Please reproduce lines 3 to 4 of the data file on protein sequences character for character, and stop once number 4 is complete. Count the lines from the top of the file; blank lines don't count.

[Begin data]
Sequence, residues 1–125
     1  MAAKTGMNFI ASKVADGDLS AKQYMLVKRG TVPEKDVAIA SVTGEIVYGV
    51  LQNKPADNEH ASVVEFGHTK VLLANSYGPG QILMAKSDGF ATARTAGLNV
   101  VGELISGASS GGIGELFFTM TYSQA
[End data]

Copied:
    51  LQNKPADNEH ASVVEFGHTK VLLANSYGPG QILMAKSDGF ATARTAGLNV
   101  VGELISGASS GGIGELFFTM TYSQA